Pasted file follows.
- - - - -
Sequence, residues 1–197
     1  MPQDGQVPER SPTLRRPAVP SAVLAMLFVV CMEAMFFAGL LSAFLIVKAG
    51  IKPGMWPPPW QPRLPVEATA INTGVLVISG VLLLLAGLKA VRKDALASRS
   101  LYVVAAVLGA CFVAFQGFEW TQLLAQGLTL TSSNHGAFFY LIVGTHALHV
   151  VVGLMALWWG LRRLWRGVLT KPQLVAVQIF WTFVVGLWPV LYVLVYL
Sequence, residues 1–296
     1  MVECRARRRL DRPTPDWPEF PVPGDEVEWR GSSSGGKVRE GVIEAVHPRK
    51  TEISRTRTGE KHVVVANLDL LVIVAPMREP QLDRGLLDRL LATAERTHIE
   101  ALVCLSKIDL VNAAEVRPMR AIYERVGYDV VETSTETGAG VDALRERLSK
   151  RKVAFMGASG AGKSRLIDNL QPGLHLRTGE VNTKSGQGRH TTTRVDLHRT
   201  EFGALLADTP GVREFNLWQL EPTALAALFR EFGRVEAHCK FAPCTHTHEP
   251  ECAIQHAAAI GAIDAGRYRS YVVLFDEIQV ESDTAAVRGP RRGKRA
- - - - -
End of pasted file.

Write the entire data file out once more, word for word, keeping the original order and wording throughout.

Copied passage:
Sequence, residues 1–197
     1  MPQDGQVPER SPTLRRPAVP SAVLAMLFVV CMEAMFFAGL LSAFLIVKAG
    51  IKPGMWPPPW QPRLPVEATA INTGVLVISG VLLLLAGLKA VRKDALASRS
   101  LYVVAAVLGA CFVAFQGFEW TQLLAQGLTL TSSNHGAFFY LIVGTHALHV
   151  VVGLMALWWG LRRLWRGVLT KPQLVAVQIF WTFVVGLWPV LYVLVYL
Sequence, residues 1–296
     1  MVECRARRRL DRPTPDWPEF PVPGDEVEWR GSSSGGKVRE GVIEAVHPRK
    51  TEISRTRTGE KHVVVANLDL LVIVAPMREP QLDRGLLDRL LATAERTHIE
   101  ALVCLSKIDL VNAAEVRPMR AIYERVGYDV VETSTETGAG VDALRERLSK
   151  RKVAFMGASG AGKSRLIDNL QPGLHLRTGE VNTKSGQGRH TTTRVDLHRT
   201  EFGALLADTP GVREFNLWQL EPTALAALFR EFGRVEAHCK FAPCTHTHEP
   251  ECAIQHAAAI GAIDAGRYRS YVVLFDEIQV ESDTAAVRGP RRGKRA